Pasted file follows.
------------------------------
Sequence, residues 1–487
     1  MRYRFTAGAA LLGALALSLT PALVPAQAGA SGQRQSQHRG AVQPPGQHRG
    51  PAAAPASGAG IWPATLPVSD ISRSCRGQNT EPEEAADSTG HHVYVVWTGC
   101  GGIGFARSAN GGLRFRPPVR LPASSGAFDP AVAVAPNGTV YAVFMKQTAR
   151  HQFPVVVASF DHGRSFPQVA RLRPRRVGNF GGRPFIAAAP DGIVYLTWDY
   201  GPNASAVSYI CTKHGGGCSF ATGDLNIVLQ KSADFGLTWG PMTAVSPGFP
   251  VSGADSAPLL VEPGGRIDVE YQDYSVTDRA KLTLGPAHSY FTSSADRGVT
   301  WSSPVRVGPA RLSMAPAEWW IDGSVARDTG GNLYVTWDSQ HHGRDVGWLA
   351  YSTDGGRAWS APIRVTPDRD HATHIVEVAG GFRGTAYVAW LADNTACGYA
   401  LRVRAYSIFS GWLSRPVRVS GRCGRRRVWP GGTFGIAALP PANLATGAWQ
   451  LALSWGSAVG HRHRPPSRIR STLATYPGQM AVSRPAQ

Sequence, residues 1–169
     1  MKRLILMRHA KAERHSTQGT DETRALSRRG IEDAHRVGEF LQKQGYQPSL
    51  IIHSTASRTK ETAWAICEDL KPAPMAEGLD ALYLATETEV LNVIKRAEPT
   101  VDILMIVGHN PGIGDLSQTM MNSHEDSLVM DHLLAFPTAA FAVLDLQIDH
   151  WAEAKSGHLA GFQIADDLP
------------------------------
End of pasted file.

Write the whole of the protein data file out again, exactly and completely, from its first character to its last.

Sequence, residues 1–487
     1  MRYRFTAGAA LLGALALSLT PALVPAQAGA SGQRQSQHRG AVQPPGQHRG
    51  PAAAPASGAG IWPATLPVSD ISRSCRGQNT EPEEAADSTG HHVYVVWTGC
   101  GGIGFARSAN GGLRFRPPVR LPASSGAFDP AVAVAPNGTV YAVFMKQTAR
   151  HQFPVVVASF DHGRSFPQVA RLRPRRVGNF GGRPFIAAAP DGIVYLTWDY
   201  GPNASAVSYI CTKHGGGCSF ATGDLNIVLQ KSADFGLTWG PMTAVSPGFP
   251  VSGADSAPLL VEPGGRIDVE YQDYSVTDRA KLTLGPAHSY FTSSADRGVT
   301  WSSPVRVGPA RLSMAPAEWW IDGSVARDTG GNLYVTWDSQ HHGRDVGWLA
   351  YSTDGGRAWS APIRVTPDRD HATHIVEVAG GFRGTAYVAW LADNTACGYA
   401  LRVRAYSIFS GWLSRPVRVS GRCGRRRVWP GGTFGIAALP PANLATGAWQ
   451  LALSWGSAVG HRHRPPSRIR STLATYPGQM AVSRPAQ

Sequence, residues 1–169
     1  MKRLILMRHA KAERHSTQGT DETRALSRRG IEDAHRVGEF LQKQGYQPSL
    51  IIHSTASRTK ETAWAICEDL KPAPMAEGLD ALYLATETEV LNVIKRAEPT
   101  VDILMIVGHN PGIGDLSQTM MNSHEDSLVM DHLLAFPTAA FAVLDLQIDH
   151  WAEAKSGHLA GFQIADDLP